No raise? No worries.


It stands to reason that healthier, happier employees make for a healthier workforce. Research suggests that when your staff have high levels of both life and job satisfaction, they are more productive, more motivated and, crucially, less likely to be absent or to leave the organisation.

For that reason, playing an active role in helping your employees enjoy what they do – in work hours and beyond – can pay dividends.

So how do you go about that? An obvious solution is to pay staff more money, but for plenty of employers, that’s not viable – and it wouldn’t make a significant difference, anyway. There’s evidence that pay is not the main driver of workplace satisfaction.

Beyond salary, there are some ways to promote happiness and enjoyment levels among your staff. Happiness at work doesn’t involve a permanent state of enthusiasm, which is lucky given the inevitable peaks and troughs of business operations. Rather, it’s usually about helping employees feel good about managing adversity, enjoying supportive social connections and feeling like what they do matters.

Here are four important avenues to boosting happiness levels.


Having a sense of meaning or purpose impacts your overall wellbeing. A long-range US study found that having a purpose in life reduced the risk of premature death among study participants by 15 percent.

In the workplace, hallmarks of a sense of purpose can include feeling passionate, innovative and committed, as well as having a focus on serving the organisation or external stakeholders. Purpose is often demonstrated in everyday behaviours and decisions that reflect core values.

So at an organisational level, display the company’s core values clearly around the workplace and review whether the company has policies and provides experiences that align with them. For example, if one of the core values is to serve the community, you could organise community events or incentivise staff to participate in community programs.

On a more individual level, encouraging staff to create a personal statement of purpose – a simple statement integrating their strengths and core purpose – can be a useful exercise.



If you feel like your employees aren’t very engaged at work, you’re probably right.  An extensive Gallop report from 155 countries found that just 15 percent of employees reported feeling engaged in their jobs.

An employee is defined as engaged when their thoughts and actions are aligned with the organisation’s goals, they feel a sense of value in their work and they know their talents are accepted and recognised. That’s why it’s important to educate direct managers on the importance of listening to staff and regularly acknowledging their team members’ hard work.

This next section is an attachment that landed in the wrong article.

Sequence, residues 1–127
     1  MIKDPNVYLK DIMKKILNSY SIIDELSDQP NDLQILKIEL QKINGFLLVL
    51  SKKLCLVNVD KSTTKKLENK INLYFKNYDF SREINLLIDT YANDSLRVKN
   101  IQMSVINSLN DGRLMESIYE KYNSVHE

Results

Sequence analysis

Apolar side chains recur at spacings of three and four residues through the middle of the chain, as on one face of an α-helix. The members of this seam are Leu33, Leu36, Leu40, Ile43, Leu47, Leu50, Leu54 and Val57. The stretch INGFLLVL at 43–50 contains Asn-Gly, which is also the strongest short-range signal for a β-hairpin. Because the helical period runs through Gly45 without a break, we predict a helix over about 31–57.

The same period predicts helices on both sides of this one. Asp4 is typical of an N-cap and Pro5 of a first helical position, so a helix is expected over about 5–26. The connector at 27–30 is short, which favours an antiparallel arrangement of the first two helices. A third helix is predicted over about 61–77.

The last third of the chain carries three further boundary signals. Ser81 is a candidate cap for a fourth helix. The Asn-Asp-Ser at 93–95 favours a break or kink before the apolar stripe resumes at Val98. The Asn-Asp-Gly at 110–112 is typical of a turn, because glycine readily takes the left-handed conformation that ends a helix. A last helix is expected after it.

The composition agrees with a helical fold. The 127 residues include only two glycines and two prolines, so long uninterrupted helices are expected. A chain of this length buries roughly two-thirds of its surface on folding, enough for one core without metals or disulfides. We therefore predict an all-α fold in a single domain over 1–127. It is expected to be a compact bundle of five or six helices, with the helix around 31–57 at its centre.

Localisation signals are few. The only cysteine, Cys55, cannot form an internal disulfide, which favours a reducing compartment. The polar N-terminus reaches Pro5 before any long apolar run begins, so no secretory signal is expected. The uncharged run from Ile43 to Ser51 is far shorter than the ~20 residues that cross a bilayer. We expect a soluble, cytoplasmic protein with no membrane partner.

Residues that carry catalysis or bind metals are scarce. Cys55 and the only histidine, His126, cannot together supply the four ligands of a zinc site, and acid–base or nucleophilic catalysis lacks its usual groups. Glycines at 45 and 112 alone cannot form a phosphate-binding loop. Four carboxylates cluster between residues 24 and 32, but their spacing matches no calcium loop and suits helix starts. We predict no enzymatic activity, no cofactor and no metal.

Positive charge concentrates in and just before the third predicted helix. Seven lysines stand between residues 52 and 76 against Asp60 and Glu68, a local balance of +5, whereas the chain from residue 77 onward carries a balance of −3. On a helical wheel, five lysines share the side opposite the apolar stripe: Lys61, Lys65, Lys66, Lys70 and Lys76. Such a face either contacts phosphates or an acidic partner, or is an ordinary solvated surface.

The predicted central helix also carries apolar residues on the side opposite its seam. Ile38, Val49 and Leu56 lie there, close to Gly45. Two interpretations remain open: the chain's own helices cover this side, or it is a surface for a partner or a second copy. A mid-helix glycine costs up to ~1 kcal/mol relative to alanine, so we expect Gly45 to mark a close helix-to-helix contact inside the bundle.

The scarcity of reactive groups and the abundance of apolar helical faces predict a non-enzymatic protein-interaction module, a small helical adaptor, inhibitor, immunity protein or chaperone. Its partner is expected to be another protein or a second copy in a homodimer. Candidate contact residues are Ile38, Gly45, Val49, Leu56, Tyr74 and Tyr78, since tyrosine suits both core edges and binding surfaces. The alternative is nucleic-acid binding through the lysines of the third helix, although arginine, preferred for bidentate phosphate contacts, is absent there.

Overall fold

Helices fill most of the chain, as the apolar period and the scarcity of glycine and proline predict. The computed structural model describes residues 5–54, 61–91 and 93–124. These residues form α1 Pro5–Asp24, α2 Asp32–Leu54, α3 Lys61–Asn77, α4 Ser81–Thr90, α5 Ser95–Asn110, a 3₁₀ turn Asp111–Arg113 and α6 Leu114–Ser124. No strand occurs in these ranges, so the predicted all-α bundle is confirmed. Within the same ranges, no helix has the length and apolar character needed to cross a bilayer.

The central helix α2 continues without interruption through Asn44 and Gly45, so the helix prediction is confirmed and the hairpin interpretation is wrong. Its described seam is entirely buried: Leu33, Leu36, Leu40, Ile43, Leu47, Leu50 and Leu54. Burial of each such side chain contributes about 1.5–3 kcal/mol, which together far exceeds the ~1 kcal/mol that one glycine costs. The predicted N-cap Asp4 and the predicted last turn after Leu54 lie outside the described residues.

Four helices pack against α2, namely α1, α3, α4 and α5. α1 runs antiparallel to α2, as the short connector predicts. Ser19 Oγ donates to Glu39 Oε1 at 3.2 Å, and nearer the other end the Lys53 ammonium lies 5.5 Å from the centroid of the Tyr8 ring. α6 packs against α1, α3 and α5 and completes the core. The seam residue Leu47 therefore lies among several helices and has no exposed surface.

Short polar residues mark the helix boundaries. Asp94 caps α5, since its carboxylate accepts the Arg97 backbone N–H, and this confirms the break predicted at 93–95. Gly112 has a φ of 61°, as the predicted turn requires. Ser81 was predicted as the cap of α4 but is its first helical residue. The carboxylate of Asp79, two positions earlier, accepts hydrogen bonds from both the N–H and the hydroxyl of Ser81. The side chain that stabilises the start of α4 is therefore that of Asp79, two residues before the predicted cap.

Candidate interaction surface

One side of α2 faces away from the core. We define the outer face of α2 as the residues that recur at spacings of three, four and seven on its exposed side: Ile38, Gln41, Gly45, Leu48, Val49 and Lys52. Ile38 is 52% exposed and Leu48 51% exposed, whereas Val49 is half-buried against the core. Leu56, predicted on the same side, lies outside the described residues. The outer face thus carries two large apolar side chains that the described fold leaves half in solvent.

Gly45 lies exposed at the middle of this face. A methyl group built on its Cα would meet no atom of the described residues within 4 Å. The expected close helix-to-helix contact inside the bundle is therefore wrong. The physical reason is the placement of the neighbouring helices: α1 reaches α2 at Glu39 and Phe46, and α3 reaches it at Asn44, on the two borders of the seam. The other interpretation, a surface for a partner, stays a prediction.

Other facets of employee engagement include providing opportunities for professional development, such as mentoring and education, and allowing plenty of scope for creativity and autonomy.



Employees with greater resilience – those with the ability to cope with ups and downs and bounce back from challenges, such as a big workload or frustrating colleagues – are better able to manage stress. Resilient employees have the resources to move forward so they don’t become stuck and let difficult situations get on top of them.

Implementing mindfulness training and exercises can help build resilience in the workplace. Initiatives that promote good health are also beneficial, since good nutrition and exercise are helpful in building resilience on a personal level. And because a strong support network is also positively correlated with resilience, mentoring and team-building initiatives can help employees feel better connected.



Your grandmother probably told you it was important to be kind, and science backs that up. A major review of 400 studies on the relationship between being kind and happiness levels found that acts of kindness did lead to an (admittedly small) improvement in happiness levels. The authors noted that performing random acts of kindness was a good way of making new friends and kick-starting social connections – something which is shown to support good mental health and is linked to happiness.

The absence of kindness can be costly for businesses, too. One poll of employees and managers in the US found being treated rudely at work was linked with poor performance. Nearly half those (47 percent) who’d been subject to impolite behaviour admitted they deliberately reduced time spent at work and 38 percent had reduced the quality of their work.

Managers set the tone, so encourage them to promote kindness through gestures such as rewarding good work and celebrating success within the team, organising a team trip and spending time listening to staff.


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